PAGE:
One of my favorite things to do when I encounter a new story is to try my hand at assigning them a Myers-Briggs personality type. When it comes to King Lear, some of the characters were abnormally easy to gauge, as they served as archetypes for a few different types. Lear, for example, is a typical ESTJ. Generally seen as power-hungry and strong-minded, ESTJs have a cognitive function stack of Te-Si-Ne-Fi. This means that their dominant function is extroverted thinking (Te), which harshly analyzes the world around them to process and organize information. In King Lear, we see this in his tendency to look at information from a purely rational perspective and his blatant disregard for the feelings of those around him. ESTJ’s auxiliary function is introverted sensing (Si), which is a processing function and determines an individual’s method of processing information internally and in real-time. This manifests in King Lear’s frequent comparisons of current events, not from a philosophical standpoint, but from a more rational and pragmatic one. The combination of his dominant and auxiliary functions serves to take in information directly from the environment, analyze it based on tangible and factual data, and organize it into a logical framework that compares current and past data in order to categorize things appropriately. The tertiary function of an ESTJ is extriverted intuition (Ne), which seeks to observe and understand the possibilities of the outside world. Because this is not one of his first two functions it is used far less frequently and is developed later on in life than the Te and Si. Finally, the inferior function is introverted feeling (Fi). This function, used the least, guides the ESTJ through the processing of their own emotions.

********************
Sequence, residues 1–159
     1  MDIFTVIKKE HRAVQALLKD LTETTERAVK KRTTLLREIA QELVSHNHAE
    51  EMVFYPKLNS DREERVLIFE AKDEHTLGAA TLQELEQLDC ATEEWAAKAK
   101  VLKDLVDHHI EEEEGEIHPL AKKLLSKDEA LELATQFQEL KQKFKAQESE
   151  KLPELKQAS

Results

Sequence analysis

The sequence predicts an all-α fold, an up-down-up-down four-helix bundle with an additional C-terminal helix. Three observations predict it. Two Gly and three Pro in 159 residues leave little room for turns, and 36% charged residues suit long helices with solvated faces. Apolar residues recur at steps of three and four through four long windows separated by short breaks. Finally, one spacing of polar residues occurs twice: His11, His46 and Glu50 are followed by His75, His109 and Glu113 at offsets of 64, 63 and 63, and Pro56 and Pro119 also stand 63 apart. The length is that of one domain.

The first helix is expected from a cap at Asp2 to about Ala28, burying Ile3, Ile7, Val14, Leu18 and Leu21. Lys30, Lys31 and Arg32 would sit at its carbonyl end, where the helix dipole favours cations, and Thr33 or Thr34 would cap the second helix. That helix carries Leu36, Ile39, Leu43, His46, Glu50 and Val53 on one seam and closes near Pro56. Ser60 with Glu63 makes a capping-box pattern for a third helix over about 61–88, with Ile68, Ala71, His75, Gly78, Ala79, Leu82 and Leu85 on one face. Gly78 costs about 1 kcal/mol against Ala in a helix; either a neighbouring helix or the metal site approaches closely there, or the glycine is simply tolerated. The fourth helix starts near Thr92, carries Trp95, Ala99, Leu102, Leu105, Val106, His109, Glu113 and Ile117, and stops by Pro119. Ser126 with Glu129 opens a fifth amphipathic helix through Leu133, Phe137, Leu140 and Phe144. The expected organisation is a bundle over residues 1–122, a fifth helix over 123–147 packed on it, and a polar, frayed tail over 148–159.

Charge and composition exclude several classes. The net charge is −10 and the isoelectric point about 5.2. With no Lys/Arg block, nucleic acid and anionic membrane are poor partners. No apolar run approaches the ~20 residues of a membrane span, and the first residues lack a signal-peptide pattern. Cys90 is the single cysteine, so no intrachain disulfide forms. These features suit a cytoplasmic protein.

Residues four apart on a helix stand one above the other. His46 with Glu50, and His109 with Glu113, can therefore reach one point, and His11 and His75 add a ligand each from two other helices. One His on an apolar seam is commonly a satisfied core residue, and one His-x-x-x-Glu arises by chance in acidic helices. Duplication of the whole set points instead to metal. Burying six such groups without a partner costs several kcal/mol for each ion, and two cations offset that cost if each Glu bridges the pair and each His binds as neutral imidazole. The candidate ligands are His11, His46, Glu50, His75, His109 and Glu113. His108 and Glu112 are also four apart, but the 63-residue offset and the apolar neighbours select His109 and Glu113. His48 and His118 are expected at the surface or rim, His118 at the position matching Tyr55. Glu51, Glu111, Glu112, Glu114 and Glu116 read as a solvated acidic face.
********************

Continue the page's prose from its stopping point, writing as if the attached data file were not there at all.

However, while under stress, ESTJs begin to act very differently. The tendency of every MBTI type, while undergoing some kind of stressful event or period, is to fall back on their tertiary and inferior functions because of an overhwleming desire to excape. In the case of ESTJs, they begin to heavily lean on Ne and Fi, causing them to overanalyze the philosophical implications of their poor state-of-mind and hyperfixate on their feelings of confusion and unrest. Ne and Fi are the two dominant functions of an INFP, Cordelia’s type (Fi, Ne, Si, Te). I believe this is why Lear and Cordelia seem to find much more common ground by the end of the play, as their outlook and processing of information is somewhat similar.